"This is Jorgie's story. Unfortunately it isn't the only one," Police Chief Scott Thomson said as an image captured by a surveillance camera was projected on a large screen, pinpointing where the victim and the intended targets were that day. "Is this acceptable to you? Now is the time for change," Thomson said.
The change he, Mayor Dana L. Redd, and others recommended to the audience of more than 100 at a pasta dinner at Rutgers-Camden, hosted by a city nonprofit group, was familiar in its outlines but not spelled out in detail.
For months, backers of the plan, including Democratic Party leader George Norcross, have said creating a county force with a metro division focused on Camden would reduce policing costs and increase the number of police patrolling the city streets.
Redd said the plan was still in its draft stages.
The challenge for her and other backers is to get past the skepticism of many residents that an outside force will do better than their present police department, and resistance from police unions, which see the proposal as simply a union-busting move.
"I say to everyone in this room, we cannot afford not to act, and if we do act, and things take place, and this city becomes a place where people can live and work and enjoy the kind of freedoms that my family enjoys and many of you enjoy in the suburbs, this city will flourish like it did in the '40s and '50s," said Norcross, chair of the board of trustees of Cooper Health System and Cooper Hospital.
Redd said it was time to correct a system that she called "broken."
The Cooper's Ferry Development Association Inc. sent out invitations to the event. The nonprofit agency, which focuses on redevelopment in the city, picked up the roughly $2,500 dinner tab because the outreach fell within its mission to "promote and develop good public policy," said chief executive officer Anthony J. Perno III.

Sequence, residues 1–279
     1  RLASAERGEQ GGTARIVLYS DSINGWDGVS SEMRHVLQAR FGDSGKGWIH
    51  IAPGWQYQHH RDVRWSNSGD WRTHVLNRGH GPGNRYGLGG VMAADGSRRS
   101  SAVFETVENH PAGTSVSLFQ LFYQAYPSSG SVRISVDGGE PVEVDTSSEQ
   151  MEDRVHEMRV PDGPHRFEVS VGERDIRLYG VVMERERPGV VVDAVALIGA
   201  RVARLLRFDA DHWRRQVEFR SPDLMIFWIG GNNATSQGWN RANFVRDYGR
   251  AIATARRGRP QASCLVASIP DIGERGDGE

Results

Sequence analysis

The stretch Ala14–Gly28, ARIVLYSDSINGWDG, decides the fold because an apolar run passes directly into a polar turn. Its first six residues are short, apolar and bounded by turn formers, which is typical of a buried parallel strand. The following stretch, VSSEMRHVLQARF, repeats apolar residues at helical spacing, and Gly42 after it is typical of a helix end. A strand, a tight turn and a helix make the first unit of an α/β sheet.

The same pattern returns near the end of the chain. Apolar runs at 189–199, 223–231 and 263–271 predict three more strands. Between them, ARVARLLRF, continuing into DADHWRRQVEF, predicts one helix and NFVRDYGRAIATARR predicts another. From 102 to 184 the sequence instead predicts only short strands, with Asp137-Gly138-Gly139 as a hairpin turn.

A spokesman for the mayor said she planned to hold more such meetings across the city.
Backers of the plan say it will help nearly double the size of the city's existing force, in part by hiring officers at lower salaries.
"The metro division has probably the best opportunity to improve the policing strategy for the city that I have seen in a long time," Perno said.
Suburban towns, however, so far have balked at the idea of joining a county force.
Even some listed among the hosts of Tuesday's gathering professed to be undecided.
"I would like to have a position. I don't know the details," Msgr. Robert McDermott of St. Joseph Pro-Cathedral said before the event. "I am certainly in support of some action that needs to be taken for the good of the people of Camden."
Afterward, he remained undecided.
"It's soft on its details about when and how it will work," he said.
The proposal has drawn the ire of police unions. They have characterized the move - which would involve dissolving the Camden Police Department and possibly rehiring no more than 49 percent of those officers on the new force - as a union-busting maneuver.
A spike in violent crime in the city last year has led to intensified efforts by the plan's supporters to have it implemented.
Homicides climbed from 38 in 2010 to 49 in 2011; most other categories of crime also recorded sharp increases. The surge in crime came after the city, facing a budget crunch, laid off nearly half its police force in January.
Many, but not all, of those officers have been rehired, but several others have since left the department.
In December, Gov. Christie dispatched to Camden an unspecified number of state troopers, who have since left the city.
Union officials are circulating a petition to force Redd to hold a referendum on creating a regional force.
Under state law, if opponents of the plan gather signatures amounting to 15 percent of the city turnout in November's general election - about 900 people - and overcome likely legal challenges, the city would be required to put the matter on the ballot and abide by the outcome.
"We have a lot of support in the community, and I think that the community realizes that their rights are being infringed on by not having a say in the process," said John Williamson, president of the Fraternal Order of Police in Camden.
Contact staff writer Darran Simon at 856-779-3829 or firstname.lastname@example.org.